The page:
I usually don't put warnings on stories as mine are all mild. But this one does deal with the mention of the brutal death of a child. I tried to handle it in a tactful way.
This is dedicated to my dad and a little boy who touched his life when they met at a pond fishing. Dad told me about this boy while I was visiting last week and it made me want to write this. The pond they met at is named after the boy, but in respect to him, I didn't use his name.


By Audrey W.



Johnny set his tackle box down near the edge of the lake and glanced around at the beautiful scenery. This was his first real vacation in awhile and he was enjoying the great outdoors of Northern California.


As he set up his fishing rod, an old man in his seventies came wandering down the trail leading to the lake.


“Hey there, young man,” he said as he smiled and waved. “Any bites yet?”


“I’m just settin’ up,” Gage explained. “I’ve never been here before, but I heard from some of the locals that it’s great for fishin’.”


“Ah, yes it is.” The old man held out his right hand. “Jesse McDaniels. I’m one of the locals who love to fish here.”


Johnny reached out and shook Jesse’s hand. “John Gage, from LA County.”


“So you’ve never been here before, huh?”


“Not to this lake.”


Jesse smiled. “I come here as often as I can. Gives me a chance to be with my grandson Jarrod.”


Johnny looked in the distance behind the old man, expecting to see a boy come into sight. But there was just the empty trail. When Jesse noticed Johnny’s reaction, he set down his tackle box and rod, and began to explain.


“If you’re looking for Jarrod, you won’t see ‘im.”


“He couldn’t make it today?”


Jesse nodded. “He’s here. He’s always here.”


Gage was puzzled.


“I come here because it was his favorite place to fish and I know he’s still hanging around to keep an eye on Fred.”


Seeing his new friend from LA County was even more confused, the old man continued to explain. “A year ago we caught a big fish and Jarrod wanted to keep it. He wanted to take it home and get it mounted. But I told him there was even a more rewarding thing to catching a big fish. To turn it loose and see if he could ever land the big one again. That way there would always be somethin’ special about this lake that we could share between us.” Jesse sighed. “It became our game each time we were up here. And if we didn’t see ol’ Fred . . .that’s what we came to call our big fish. . . well . . . it was just relaxin’ to sit back and discuss what he might be doin’ at the time.”


Johnny remained silent, sensing Jesse needed to talk.


“Jarrod was always talkin’ about Fred while we were up here.” He looked out across the calm lake. “This is now Lake Jarrod, named after my fishin’ buddy.”


“What happened to your grandson, if you don’t mind my askin’?”


“Don’t mind at all. He was up here with his dad one day. . .my son went to get a cooler out of their car and left Jarrod here with the fishing gear. When he got back, the boy was gone. After searching the area for hours, a couple of Rangers found him about two miles away, tucked away in some bushes. Jarrod had been strangled.” Jesse shook his head as he swiped at the tears pooling in his eyes. “Ten years old, and someone took his life.”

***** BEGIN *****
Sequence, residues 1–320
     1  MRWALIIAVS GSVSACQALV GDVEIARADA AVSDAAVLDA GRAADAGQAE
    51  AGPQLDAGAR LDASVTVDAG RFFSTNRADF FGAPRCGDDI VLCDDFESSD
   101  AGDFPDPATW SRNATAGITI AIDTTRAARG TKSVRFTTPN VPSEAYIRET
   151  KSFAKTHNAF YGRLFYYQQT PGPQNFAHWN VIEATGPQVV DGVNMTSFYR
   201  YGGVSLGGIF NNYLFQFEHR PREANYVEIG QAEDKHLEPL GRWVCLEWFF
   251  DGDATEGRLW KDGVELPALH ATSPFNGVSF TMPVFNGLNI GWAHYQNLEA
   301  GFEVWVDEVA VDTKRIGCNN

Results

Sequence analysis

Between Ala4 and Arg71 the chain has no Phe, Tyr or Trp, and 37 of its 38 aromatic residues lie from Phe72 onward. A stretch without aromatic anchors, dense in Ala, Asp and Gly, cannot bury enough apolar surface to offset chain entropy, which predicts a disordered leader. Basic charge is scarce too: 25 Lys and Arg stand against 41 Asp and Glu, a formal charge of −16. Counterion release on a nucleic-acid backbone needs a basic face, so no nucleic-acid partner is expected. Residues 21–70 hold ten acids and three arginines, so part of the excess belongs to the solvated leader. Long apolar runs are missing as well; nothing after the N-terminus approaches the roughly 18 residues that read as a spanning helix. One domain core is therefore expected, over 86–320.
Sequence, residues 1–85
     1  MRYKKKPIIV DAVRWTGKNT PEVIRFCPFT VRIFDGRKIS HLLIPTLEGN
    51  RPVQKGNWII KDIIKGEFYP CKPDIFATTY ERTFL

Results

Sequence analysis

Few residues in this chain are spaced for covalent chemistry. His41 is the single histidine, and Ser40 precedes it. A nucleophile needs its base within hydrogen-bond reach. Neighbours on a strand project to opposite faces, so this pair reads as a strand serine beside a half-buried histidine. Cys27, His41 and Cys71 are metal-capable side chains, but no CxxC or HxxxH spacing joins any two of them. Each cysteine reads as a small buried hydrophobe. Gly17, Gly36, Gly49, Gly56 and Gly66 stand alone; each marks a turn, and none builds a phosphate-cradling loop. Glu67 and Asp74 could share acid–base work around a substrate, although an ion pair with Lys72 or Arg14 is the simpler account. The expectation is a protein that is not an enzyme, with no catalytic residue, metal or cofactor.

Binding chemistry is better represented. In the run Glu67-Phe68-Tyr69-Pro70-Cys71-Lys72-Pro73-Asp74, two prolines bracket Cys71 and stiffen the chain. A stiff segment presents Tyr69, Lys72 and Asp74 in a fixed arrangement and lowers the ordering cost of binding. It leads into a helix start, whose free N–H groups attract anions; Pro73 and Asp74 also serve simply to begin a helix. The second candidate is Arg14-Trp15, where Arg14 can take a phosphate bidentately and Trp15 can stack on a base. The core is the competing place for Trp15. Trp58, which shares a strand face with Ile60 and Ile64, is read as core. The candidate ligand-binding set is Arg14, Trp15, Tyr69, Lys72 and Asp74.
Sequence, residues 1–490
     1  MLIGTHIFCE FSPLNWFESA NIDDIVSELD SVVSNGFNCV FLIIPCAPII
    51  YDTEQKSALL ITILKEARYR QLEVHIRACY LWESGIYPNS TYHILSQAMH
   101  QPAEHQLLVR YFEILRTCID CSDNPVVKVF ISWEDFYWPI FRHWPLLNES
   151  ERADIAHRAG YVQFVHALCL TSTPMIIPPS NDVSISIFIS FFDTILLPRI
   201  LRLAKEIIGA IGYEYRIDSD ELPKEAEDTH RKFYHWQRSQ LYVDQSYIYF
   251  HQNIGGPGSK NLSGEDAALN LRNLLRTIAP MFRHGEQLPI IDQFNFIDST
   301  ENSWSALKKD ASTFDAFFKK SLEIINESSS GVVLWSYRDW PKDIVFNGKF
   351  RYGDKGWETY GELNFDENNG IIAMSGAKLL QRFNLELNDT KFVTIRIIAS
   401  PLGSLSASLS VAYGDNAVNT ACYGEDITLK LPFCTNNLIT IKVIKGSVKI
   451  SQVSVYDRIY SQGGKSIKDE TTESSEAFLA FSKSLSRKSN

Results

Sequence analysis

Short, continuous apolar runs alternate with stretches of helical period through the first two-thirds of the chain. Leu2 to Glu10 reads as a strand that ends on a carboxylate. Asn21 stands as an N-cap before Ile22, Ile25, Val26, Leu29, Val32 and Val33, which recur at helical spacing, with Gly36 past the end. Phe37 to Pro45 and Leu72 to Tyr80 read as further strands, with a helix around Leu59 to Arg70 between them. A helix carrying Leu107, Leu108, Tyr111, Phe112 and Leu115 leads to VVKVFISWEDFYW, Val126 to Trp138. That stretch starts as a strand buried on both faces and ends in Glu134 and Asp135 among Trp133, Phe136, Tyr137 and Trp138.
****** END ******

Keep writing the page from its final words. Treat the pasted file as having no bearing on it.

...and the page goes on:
Johnny didn’t know what to say. Murder of a child wasn’t a common thing and he hoped it never would be.


“I’m sorry,” Jesse said. “An old man rambling on.”


Johnny held up a hand. “No . . . no. It’s okay.”


“Well, you came here to fish and so did I. So let’s fish!”


The dark-haired paramedic smiled.


“Let’s see who can catch ol’ Fred today,” Jesse said.


“You got a deal.”


The two men finished setting up their fishing rods and spent the afternoon discussing how Fred was probably watching them, playing his game of keeping them wondering.





Back on duty, Johnny walked into the dayroom where the others on his shift were already gathered.


“Well, look who’s back!” Chet exclaimed, getting up from his seat at the table. “Man, has it been quiet around here without you.”


“With you still here?” Johnny snorted. “I doubt it.”


“Hey, how was the fishing?” Marco asked. “Did you catch anything?”


Gage nodded. “Yeah. I caught a big one.” He then smiled, thinking back to the day. “But I let it go back in the water.”


You? Let a big one go back?” Chet scoffed. “Now that’s a fish tale if ever I heard one.”


Johnny scowled, then looked on to his partner who was sitting on the couch with Henry the Bassett Hound.


“How’d it go working with Brice?”


Roy moved the dog aside, then got up and walked over to Gage. “Same as usual. I wanna hear more about this fishing trip. You really threw a big one back?”


“Yeah, I did.”


“Why? Even if you didn’t wanna eat it, you could’ve mounted it or something.”


“Because this way, I can go back up sometime and try to catch him again.”


The men in the room exchanged puzzled looks as Johnny headed out of the dayroom and into the apparatus bay to wait for roll call. He felt good knowing he’d done the right thing by Jarrod when he let ol’ Fred go free in the water after catching him. Watching the fish swim away free and disappear into the lake was like seeing Jarrod there along with it. And he’d found a good friend in Jesse, the two of them planning to get together again when time permitted.


Gage strolled over to the open bay door in the front of the building and glanced up at the sky. Jarrod had touched his life through Jesse and Johnny would never forget either of them.  He gave a thumbs up and winked.


“You’re still doin’ your thing down here, kid. Thanks.”


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